By the will of Gordon McKay, who died last month in Newport, R. I., the University will receive within a few years, one million dollars, and later the whole estate which may amount to several millions.
By the terms of the will, which was filed yesterday, the University is to receive from the estate eighty per cent of the balance of the net annual income, after certain annuities amounting to about $50,000 have been paid. This eighty per cent, however, will not be given to the Corporation until the sum of one million dollars has been accumulated. But after this sum has been paid over, the eighty per cent will be paid annually.
After the death of the last surviving annuitant, the estate, including all unexpended income, will be given to the University. And it is directed that this sum and the interest before paid shall be known as the Gordon McKay Endowment.
The conditions on which this bequest is to be made is that "the net income of the Endowment be used to promote applied science; first, by maintaining professorships, workshops, laboratories, and collections for all of those scientific subjects which have applications useful to man; and second, by aiding meritorious and needy students in pursuing those subjects."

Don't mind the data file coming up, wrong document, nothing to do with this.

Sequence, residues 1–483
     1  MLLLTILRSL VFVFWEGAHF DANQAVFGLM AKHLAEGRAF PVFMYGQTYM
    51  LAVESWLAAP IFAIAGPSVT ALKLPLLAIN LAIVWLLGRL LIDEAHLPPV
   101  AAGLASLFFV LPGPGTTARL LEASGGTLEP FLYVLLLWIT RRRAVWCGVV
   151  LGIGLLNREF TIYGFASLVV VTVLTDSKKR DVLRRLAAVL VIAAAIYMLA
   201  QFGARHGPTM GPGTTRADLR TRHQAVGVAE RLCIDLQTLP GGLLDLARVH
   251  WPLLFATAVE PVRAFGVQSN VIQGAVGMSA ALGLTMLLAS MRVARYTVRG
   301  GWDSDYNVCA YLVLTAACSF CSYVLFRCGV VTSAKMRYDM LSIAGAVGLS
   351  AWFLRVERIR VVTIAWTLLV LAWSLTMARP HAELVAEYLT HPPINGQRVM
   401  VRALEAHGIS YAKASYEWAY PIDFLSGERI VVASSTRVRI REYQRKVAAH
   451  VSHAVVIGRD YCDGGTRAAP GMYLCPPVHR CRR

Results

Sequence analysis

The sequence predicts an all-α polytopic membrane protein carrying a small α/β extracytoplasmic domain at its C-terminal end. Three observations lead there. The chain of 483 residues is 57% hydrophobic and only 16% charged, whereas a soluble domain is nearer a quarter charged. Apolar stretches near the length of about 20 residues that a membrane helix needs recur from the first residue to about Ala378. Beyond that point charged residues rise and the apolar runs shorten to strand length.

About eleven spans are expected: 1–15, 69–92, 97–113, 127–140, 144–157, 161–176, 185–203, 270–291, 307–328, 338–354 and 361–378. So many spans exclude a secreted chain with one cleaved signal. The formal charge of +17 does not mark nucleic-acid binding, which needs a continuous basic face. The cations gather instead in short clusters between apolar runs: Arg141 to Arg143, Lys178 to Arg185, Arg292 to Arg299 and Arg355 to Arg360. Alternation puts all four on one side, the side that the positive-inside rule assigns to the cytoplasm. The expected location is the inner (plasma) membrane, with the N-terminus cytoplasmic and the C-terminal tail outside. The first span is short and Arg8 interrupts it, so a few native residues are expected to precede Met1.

The Corporation is further directed to take especial care that the subject of mechanical engineering be thoroughly provided for from the Endowment.
In case the Corporation fails to accept these conditions, the estate is to be given to the trustees in trust to apply it for the purposes enumerated in the above conditions.
The will makes stipulations about the salaries of the professorships, so that able men will be attracted, and also directs that all the equipment, instruments, machinery, etc., shall always be kept of the best designs and quality.
It is estimated that it will take from five to ten years for the eighty per cent of the net income, which is at present the share of the University, to accumulate to the sum of a million dollars. It will therefore be some time before the University receives anything. Eventually, however, a very large sum will be turned over to the Corporation.